Ham at 20 is a collaborative poster project celebrating the twentieth anniversary of The Hamilton Wood Type & Printing Museum. For each month of 2019, a new poster (or two!) will be released via the Hamilton website shop in an edition of 50; 25 will be reserved for year-end portfolios that include all prints. The posters are being created by a roster of accomplished letterpress printers and promising up-and-comers starting in the field.
Eric Woods, The Firecracker Press
After spending time in the 90s designing book covers, working in the newspaper biz, and cutting teeth in advertising firms Eric Woods decided to "go off the grid". He purchased a 10x15 Chandler and Price platen press in 2002, with the help of an old-timer, and started The Firecracker Press. One job led to another, staying positive was the name of the game, and taking the time to be crazy started making sense. Another press came along, then a larger studio, followed by a small crew of dedicated devils, and a fire that nearly ruined everything. But the prints don't stop! We renovated an entirely new space, opened our doors to the public, and continued to grow like it was 1899. Today The Firecracker Press operates out of its southside location (5 days a week) and our new, education-based venture, Central Print, is growing on the northside of St. Louis. Clearly, print is totally dead. Long live print.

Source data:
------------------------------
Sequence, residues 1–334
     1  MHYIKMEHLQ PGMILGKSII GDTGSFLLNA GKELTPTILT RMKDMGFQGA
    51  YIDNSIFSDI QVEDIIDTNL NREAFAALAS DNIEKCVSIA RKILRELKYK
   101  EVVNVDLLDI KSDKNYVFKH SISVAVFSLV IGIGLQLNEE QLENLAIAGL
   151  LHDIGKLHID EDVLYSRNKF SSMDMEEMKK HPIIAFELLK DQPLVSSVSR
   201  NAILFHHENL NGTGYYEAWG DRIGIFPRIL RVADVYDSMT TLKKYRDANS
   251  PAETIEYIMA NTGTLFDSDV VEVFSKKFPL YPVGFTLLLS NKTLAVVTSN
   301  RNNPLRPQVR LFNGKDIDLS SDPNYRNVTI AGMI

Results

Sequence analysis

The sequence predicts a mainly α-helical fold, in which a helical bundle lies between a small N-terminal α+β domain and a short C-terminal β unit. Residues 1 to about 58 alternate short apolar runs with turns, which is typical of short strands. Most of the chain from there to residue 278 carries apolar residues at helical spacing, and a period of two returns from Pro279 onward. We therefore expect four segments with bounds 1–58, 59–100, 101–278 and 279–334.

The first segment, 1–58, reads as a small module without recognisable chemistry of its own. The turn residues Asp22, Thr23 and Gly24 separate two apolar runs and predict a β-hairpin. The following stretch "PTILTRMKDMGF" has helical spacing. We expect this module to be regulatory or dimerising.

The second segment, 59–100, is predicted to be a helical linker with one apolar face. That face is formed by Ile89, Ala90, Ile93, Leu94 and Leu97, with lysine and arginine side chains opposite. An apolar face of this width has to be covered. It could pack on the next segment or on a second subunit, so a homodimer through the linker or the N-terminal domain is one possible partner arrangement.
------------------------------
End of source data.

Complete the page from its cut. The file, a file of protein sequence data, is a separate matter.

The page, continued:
What Hamilton means to me:
I first heard about Hamilton while I was working a straight, design job right out of art school. I had developed an interest in letterpress printing, not really knowing what that meant, and the interest slowly grew into a calling. One day the wind blew by my door and whispered something about new wood type being designed, by Bill Moran, and manufactured in Two Rivers. I started planning a vacation to visit and had the pleasure of walking into the old location on a summer day. Jim Moran was working the door that day and Celene Aubry was working in the back. I later attended my first Wayzgoose, through the urging of Brad Vetter, in the new location. I remember thinking, "The letterpress community is the best looking, nicest group of people." I still feel that way and count my blessings to be a part of a group I consider heroes. Maybe it's all a dream? It's so good, and the new friends I've made, as a result of hanging around the Hamilton orbit, can't be fully appreciated in multiple lifetimes.